What Is Hashing?

Hashing began in Kuala Lumpur, Malaysia, in 1938, when a small group of British colonial officials and expatriates, led by A.S Gispert, a British accountant of Catalan descent, founded a running club called the Hash House Harriers. As batchelors, they were billeted in the Selangor Club Annex, known locally as the Hash House, because of its monotonous food.
After running for some months they were approached by the Registrar of Societies, who advised then that, as they were a “group” they would require a Constitution and a name. A.S.Gispert (known as “G”) suggested the name. Hash House Harrier runs were patterned after the traditional British paper chase. A hare was given a head start to blaze a trail, marking his devious way with shreds of paper, all the while pursued by a shouting pack of “harriers.” Only the hare knew where he was going…the harriers followed his clues to stay on trail.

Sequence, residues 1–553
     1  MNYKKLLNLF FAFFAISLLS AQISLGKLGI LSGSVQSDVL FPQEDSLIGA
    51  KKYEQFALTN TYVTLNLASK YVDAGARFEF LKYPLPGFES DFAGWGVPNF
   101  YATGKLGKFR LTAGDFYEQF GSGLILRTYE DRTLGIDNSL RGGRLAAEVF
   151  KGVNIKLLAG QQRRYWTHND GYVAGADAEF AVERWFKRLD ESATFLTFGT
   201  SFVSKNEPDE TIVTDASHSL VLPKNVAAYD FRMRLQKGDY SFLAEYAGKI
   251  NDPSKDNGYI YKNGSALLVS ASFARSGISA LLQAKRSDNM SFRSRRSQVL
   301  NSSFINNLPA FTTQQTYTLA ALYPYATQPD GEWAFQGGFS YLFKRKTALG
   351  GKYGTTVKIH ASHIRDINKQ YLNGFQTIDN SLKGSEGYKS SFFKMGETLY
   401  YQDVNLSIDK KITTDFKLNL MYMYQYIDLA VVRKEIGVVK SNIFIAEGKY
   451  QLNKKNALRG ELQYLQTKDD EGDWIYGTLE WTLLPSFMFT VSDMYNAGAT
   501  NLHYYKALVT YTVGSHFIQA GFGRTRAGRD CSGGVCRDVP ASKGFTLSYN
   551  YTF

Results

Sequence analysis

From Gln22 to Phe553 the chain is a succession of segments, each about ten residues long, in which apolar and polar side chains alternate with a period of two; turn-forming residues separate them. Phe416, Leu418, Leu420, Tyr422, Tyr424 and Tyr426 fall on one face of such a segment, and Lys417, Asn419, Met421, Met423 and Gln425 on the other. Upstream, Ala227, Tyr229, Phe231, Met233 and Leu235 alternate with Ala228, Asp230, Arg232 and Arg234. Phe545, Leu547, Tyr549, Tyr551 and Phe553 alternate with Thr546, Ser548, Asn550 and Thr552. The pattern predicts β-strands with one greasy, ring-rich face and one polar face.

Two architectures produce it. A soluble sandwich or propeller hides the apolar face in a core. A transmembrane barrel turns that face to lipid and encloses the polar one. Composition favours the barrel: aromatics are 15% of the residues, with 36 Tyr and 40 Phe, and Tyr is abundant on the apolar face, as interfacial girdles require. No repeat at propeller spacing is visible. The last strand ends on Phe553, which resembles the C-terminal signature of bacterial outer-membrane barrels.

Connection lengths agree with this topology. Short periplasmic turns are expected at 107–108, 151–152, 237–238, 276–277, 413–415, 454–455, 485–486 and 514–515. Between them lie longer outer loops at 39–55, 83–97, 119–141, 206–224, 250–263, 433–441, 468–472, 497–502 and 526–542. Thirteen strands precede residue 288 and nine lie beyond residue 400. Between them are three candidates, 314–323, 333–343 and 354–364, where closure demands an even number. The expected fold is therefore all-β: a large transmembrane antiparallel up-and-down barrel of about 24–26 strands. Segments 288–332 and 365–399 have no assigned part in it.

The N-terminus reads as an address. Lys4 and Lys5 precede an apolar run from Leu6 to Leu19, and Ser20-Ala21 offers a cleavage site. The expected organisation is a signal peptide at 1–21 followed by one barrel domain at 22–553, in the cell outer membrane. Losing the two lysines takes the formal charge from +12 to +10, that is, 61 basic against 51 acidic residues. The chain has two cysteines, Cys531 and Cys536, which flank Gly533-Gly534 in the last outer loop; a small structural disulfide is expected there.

Apart from the excitement of chasing the hare and solving the clues, reaching the end was its own reward…for there, thirsty harriers would find a tub of iced beer.

Hashing died out during World War II after the Japanese invasion of Malayisa, but started again shortly after the war, when the original protagonists, minus “G” who had been killed in the Japanese invasion of Singapore, re-assembled in Kuala Lumpur. Apart from a “one off” chapter, formed in the Italian Riviera, (now the Royal Milan and Bordighera Hash), hashing didn’t take off until 1962, when Ian Cumming founded the 2nd kennel in Singapore. From then on, the phenomenon started to grow, spreading through the Far East, Australia, and New Zealand, as well as Europe and North America. Hashing really exploded in popularity in the mid-1970s.

There are now thousands of Hash House Harrier clubs in all parts of the world, with national and international conventions organised regularly. There are even two HHH groups in Antarctica.